Many years before I found my way into a group room or sat in a chair before a client, I listened to a recording of Dr. King and his “I Have a Dream” speech. Having listened to his speech I knew I wanted to help people in some way and I knew I wanted to affect change, I just didn’t know how. I had a dream of supporting clients to find a way to exit addiction. I suspect I must have found a way to reach my goal as more than 28 years later I continue to support people to find a way to to achieve sobriety. When I was wandering about trying different careers, I tried selling cars for a bit. The work didn’t engage me, but in some way I latched on to the idea of sales. In some way I sell sobriety. I am able to highlight the various features of recovery and like car maintenance, I am able to show clients what they need to do to achieve lasting recovery. Taking care of your car is a choice, much like recovery is a choice. To stay sober you need to do many little things on a regular basis that support you to abstain from chemicals or support you to make a decision to use in spite of all of the evidence to the contrary. It’s not much different than maintaining a car. If you neglect the maintenance your vehicle will cease to run. To this end I think that everybody has the ability to make a choice and find sobriety.
Over 32 years ago I made a conscious decision to quit using chemicals. I found a way that worked for me with the help of my grandparents. The way they supported me to remain sober looks very similar to the way I have been able to help clients find sobriety. Throughout my career I have seen various trends in the field of addiction recovery. While the addiction treatment industry was borne out of the self-help movement, things have changed. While I can see the benefit of attending support groups, most research has not affected the way support groups and the 12-step movement operate. However, great strides in modern science have brought many changes in the way addiction treatment and mental health services are delivered. We have seen the the advent of anti-craving medications, the creation of various cognitive behavioral therapies, motivational interviewing, the creation of the Transtheoretical Model (stages-of-change) short-term therapy, goal-based treatment, and the implementation of peer-led support.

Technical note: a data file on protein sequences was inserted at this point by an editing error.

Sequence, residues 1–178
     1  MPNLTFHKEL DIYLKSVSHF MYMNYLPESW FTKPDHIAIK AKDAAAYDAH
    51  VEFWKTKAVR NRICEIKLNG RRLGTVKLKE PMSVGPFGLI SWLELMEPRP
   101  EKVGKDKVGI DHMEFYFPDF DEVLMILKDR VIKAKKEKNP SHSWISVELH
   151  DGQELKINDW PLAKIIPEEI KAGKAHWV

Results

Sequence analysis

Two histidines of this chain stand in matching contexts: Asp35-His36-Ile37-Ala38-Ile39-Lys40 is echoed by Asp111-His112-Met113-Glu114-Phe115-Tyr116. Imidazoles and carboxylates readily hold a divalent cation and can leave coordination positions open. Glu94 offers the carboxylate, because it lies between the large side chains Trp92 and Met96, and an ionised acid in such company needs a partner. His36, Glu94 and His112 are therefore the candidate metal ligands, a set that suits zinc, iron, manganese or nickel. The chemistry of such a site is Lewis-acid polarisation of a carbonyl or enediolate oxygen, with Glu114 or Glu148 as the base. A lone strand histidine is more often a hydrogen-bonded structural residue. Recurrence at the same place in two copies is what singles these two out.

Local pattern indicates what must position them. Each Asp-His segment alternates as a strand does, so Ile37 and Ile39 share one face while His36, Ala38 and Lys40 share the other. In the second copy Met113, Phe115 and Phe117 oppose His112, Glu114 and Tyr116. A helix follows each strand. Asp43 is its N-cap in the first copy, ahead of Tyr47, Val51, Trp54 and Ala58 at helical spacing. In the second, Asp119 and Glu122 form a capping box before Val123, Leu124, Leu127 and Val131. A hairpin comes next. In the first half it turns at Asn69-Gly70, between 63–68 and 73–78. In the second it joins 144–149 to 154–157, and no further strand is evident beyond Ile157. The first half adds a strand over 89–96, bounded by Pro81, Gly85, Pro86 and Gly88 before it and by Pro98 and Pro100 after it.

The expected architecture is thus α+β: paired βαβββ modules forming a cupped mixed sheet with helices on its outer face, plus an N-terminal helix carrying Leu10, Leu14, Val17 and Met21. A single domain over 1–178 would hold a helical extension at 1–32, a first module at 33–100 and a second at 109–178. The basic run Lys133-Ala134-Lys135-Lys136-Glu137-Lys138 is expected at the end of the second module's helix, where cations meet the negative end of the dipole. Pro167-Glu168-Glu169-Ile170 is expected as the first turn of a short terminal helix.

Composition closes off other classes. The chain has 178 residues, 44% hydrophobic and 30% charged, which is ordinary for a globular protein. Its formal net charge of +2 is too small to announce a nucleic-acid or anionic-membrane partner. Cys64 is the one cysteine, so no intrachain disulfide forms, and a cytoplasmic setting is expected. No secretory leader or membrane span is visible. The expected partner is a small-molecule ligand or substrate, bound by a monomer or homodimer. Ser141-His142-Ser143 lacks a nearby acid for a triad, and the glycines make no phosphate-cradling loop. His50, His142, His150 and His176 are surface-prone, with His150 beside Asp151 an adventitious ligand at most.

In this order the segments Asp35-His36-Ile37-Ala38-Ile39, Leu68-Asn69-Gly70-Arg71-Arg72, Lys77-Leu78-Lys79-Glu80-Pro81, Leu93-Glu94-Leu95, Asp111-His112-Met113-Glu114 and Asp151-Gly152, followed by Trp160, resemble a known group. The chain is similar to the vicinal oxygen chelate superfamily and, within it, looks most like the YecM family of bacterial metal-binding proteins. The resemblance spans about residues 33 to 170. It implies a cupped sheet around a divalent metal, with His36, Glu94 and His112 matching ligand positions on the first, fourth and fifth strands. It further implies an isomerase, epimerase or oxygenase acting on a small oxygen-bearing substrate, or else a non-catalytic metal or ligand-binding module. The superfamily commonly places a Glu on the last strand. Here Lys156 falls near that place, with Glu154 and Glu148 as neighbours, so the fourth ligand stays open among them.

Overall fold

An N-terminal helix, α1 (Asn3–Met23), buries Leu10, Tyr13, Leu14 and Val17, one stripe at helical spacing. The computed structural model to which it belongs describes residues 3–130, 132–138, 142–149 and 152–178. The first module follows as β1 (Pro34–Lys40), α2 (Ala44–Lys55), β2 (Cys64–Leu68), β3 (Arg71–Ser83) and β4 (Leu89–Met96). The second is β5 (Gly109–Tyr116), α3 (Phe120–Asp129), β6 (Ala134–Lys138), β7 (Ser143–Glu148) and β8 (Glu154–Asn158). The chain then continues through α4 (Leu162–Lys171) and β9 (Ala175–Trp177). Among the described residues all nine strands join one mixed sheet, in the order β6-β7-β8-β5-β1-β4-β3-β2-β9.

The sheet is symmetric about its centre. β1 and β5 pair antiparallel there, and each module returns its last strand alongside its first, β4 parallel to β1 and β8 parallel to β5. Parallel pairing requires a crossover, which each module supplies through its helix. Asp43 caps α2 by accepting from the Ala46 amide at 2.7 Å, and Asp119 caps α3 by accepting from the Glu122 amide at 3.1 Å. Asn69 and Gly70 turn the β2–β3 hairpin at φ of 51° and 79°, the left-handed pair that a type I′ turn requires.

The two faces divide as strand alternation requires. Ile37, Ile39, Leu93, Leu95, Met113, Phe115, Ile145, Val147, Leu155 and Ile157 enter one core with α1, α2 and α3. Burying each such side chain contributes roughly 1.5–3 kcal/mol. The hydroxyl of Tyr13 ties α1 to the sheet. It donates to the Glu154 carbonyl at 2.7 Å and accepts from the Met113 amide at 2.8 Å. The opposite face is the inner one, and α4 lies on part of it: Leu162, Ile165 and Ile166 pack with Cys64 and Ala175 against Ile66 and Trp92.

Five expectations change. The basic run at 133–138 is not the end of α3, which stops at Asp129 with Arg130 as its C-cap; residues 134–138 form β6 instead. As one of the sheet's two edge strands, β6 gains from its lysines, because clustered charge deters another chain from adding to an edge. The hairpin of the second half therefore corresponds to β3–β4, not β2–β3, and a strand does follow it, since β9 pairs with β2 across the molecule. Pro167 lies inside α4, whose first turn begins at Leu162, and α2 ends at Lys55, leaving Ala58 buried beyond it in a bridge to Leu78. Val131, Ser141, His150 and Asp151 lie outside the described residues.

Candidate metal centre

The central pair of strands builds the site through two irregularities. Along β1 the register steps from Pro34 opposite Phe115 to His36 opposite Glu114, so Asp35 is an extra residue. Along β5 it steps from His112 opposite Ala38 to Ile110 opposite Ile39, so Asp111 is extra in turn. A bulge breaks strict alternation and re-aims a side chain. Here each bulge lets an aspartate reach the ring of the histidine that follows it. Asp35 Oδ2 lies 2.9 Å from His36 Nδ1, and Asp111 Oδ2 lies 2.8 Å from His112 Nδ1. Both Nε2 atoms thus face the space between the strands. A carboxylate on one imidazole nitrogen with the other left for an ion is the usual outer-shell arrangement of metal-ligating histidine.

While I think many changes in the addiction treatment industry have been helpful, I have seen an intensification in the negative attitudes from some folks in various support groups or clinicians in the recovery community suggesting the “new methods” are essentially harmful. I don’t think this is the case. I think that many people who see the “new therapies” as harmful are misinformed and narrowly focused. It seems to me that at times people forget that recovery looks different for everybody. I am not sure how attending 12-step meetings gives a person special insight over someone who found recovery though a therapist and anti-craving medications. It seems to me that recovery is a choice. How we get there shouldn’t matter – what matters is that we find a way and that we get there.
This might be a contentious statement for some folks, but my sense is that recovery alone is not a job qualification. I don’t think that being sober gives us any special insight into the addicted mind or the behavior of an addict. In some ways we could suggest that a period of recovery without a professional and educational background to complement our experience could be seen as a hindrance and allow us to be less than objective? Perhaps recovery alone positions us to be too close to the issue at hand and would serve as a deterrent for a sober person trying to run a group in a treatment facility. I don’t think that being sober makes us special, just different.
Many times I will hear someone in recovery suggest that ‘only an addict or alcoholic can understand another addict or alcoholic’. I don’t think this is the case and is essentially an urban myth. When I think of addiction I think of people feeling helpless, powerless, and being held captive by their dark side. My sense is that we don’t need to be brilliant to understand the mind of an addict, just human.
In my career I have worked in agencies that served clients with both mental health and chemical dependency issues. Many of the clinicians on both sides didn’t want to work together nor did they want to share techniques. I didn’t have the language at the time to verbalize how I felt, but I got the impression that some of the clinicians thought they were sharing secrets. I think they forgot that we’re on the same team.
While recovery looks different for everybody, we should also remember that sobriety is a skill. I think that as people that have experienced sobriety our job and mission is to make sobriety as accessible as possible for people who want it or express an interest.